Ontario maker of COVID‑19 testing devices finds international success

When Laipac Technology Inc. moved into the Internet of Medical Things (IoMT) market in 2019, its timing could not have been better.

The Look SPOT 2 device

The design‑engineering company, based in Markham, Ontario, had long been involved in Internet of Things (IoT) technology, making devices that communicate with each other. Its foray into health‑care solutions happened just before the COVID‑19 pandemic hit and accelerated the demand for the kind of personal medical diagnostics that IoMT could deliver.

Today Laipac is selling its LooK SPOT artificial intelligence (AI) rapid COVID‑19 antigen testing devices in countries around the world, with the assistance of the Canadian Trade Commissioner Service (TCS).

In Europe, the company has secured the CE Mark, which certifies that the product meets EU health and safety requirements. Laipac is especially hoping to take advantage of the European market through the Canada–European Union (EU) Comprehensive Economic and Trade Agreement (CETA).

“We are looking for good things in Europe,” says CEO Diego Lai, who co‑founded Laipac 23 years ago with his wife Maria Pacini, the firm’s Chief Information Officer.

Lai was born in Taiwan and moved to Argentina at the age of 14. After earning an engineering degree, and doing post‑graduate work in AI, he came to Canada in 1999. Finding it difficult to find a job without Canadian experience, Lai and Pacini decided to start Laipac, first focusing on the area of telecommunications.

Diego Lai and Maria Pacini
Diego Lai and Maria Pacini, co‑founders of Laipac Technology Inc.

The company immediately set its sights on international markets, with Lai joining a Canadian delegation in 1999 to the massive Telexpo trade show in Brazil.

“Canadian companies are often afraid of going outside the country. I was more afraid of the domestic market,” Lai says, especially as his English was limited. He felt comfortable doing business in South America and got a contract with Siemens in Brazil to develop caller ID systems for telephones.

Laipac encountered the TCS in its early days, especially through Eleonore Rupprecht, a Trade Commissioner at the TCS regional office in Toronto. “She has been very helpful to us,” Lai says, particularly by introducing the company to the wider TCS network. Lai says the firm relied on Trade Commissioners to represent it at major trade shows and make connections with distributors and customers in local markets. Today, it has the support of the TCS in some 30 markets.

Rupprecht, who covers the life‑sciences sector and sat on the TCS COVID‑19 Task Force, first met Lai when she was responsible for wireless technologies and telecommunications. “Diego had some very interesting solutions,” she says, and with his roots in Latin America, he understood how to get traction with foreign customers and partners.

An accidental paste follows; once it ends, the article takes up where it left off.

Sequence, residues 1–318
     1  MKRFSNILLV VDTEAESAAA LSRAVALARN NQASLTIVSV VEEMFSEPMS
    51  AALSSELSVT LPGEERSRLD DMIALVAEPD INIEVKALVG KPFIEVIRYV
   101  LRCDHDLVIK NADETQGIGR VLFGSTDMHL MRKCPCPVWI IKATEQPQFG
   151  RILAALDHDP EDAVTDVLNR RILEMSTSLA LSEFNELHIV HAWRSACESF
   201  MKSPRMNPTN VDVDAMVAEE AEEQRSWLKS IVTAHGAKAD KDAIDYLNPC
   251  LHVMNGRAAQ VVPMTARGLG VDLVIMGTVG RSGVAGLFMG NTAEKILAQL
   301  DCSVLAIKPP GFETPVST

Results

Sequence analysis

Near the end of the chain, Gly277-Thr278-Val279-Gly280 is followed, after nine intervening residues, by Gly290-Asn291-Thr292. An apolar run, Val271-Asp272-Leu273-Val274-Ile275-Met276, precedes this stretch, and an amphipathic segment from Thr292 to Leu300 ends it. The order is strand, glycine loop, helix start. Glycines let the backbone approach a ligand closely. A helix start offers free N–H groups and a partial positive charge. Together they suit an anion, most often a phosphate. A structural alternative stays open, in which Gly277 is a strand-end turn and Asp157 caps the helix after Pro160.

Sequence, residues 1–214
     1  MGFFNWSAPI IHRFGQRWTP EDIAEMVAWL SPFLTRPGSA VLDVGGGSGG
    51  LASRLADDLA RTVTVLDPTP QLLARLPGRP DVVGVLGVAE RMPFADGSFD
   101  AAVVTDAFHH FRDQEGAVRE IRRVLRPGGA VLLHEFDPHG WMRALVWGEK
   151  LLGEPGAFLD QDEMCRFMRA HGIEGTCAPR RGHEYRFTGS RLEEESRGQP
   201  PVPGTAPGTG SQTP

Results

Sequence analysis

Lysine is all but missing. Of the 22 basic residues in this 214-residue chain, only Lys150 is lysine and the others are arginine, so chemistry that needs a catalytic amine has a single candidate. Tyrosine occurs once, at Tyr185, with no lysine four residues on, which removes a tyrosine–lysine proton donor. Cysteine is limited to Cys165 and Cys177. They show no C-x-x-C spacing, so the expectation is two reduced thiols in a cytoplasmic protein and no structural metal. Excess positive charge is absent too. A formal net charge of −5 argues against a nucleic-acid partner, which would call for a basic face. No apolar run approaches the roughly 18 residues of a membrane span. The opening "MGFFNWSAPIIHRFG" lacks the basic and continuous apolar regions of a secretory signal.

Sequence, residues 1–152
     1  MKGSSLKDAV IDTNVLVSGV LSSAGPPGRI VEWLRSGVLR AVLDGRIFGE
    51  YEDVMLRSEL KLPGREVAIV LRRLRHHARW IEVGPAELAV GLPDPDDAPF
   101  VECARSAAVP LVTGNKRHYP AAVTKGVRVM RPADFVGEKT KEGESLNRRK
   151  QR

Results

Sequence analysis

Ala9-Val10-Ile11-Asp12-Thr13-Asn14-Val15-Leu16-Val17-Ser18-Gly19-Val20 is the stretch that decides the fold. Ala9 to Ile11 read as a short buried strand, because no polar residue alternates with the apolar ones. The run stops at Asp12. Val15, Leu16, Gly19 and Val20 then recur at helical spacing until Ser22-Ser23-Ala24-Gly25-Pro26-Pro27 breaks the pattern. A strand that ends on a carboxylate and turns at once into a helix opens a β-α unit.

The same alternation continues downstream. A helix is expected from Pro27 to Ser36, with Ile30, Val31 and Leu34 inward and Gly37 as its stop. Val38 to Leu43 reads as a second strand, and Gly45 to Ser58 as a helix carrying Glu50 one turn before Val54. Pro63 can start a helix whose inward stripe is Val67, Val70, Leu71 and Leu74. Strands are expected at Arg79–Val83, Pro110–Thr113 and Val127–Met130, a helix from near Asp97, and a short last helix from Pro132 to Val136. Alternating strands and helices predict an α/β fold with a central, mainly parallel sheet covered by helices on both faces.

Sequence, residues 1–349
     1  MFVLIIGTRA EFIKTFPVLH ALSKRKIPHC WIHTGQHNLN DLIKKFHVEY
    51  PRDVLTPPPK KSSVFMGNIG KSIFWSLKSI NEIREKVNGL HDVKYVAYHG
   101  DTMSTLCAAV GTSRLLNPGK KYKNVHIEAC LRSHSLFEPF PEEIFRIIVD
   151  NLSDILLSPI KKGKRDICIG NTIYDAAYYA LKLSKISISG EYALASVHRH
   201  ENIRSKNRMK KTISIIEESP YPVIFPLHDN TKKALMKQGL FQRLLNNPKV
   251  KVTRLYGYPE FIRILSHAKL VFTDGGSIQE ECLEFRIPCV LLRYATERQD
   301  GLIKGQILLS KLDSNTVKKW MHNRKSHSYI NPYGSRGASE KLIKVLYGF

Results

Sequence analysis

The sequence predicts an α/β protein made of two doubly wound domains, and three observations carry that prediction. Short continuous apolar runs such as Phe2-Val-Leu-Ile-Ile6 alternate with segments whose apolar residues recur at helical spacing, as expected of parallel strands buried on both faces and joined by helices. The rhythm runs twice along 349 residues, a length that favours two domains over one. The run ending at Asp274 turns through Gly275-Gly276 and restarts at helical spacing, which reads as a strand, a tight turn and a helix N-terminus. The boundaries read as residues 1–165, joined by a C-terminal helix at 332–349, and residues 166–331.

“For any company to scale, they need to have that international drive and to diversify their markets,” she says. “That has kept him in a position to continue innovating.”

Lai says the company has been developing relationships with companies in Europe since 2014, making custom products in a wide range of applications. For example, Laipac secured a contract with Trimble AB, the Swedish branch of Trimble, a multinational firm that makes precision instruments. It embeds a Laipac IoT module in the company’s optical land survey equipment as part of the protection service Trimble offers to its worldwide clients.

Lai says that when the pandemic brought the world to its knees,“we were actually very blessed” because Laipac had been studying the area of medical diagnostics so that law enforcement officers could test drivers for cannabis impairment. The company wanted to help during the pandemic “and we thought that testing would be very important,” Lai recalls, especially rapid “point‑of‑entry” tests in settings such as workplaces, transportation and special events.

It called its device the LooK SPOT, “because we can identify the result on the spot,” Lai explains. Early in 2021 it released the LooK SPOT 1, which is attached to a smartphone. A nasal swab sample is inserted on a tiny cassette into its AI reader and rapidly analyzed through a cloud‑based service. The company has been selling the device in places such as Chile, Colombia, Ecuador, Guetemala, Japan, Kenya, Papua New Guinea, Thailand, and countries in Europe. Later in the year, Laipac released the LooK SPOT 2, a standalone machine that can analyze five sample cassettes simultaneously, allowing 500 tests an hour.

Lai expects to find more customers for the product in Europe, given the region’s emphasis on quality and the greater awareness of Canadian products under CETA. “Canada has a very good image there. They see that things made here equal quality,” Lai says, noting that introductions from Trade Commissioners on the ground especially help.

Today, 95 percent of Laipac’s business is international, Lai says, and the company continues to innovate. For example, Laipac is working on a system to track and analyze the health of roaming livestock, a project for the European market that he says is funded by European Eurostar and the National Research Council of Canada.

The company is also working on developing an easy‑to‑use and fast diagnostic tool using AI to test for the presence of things like malaria, dengue fever, Ebola and sexually transmitted diseases.

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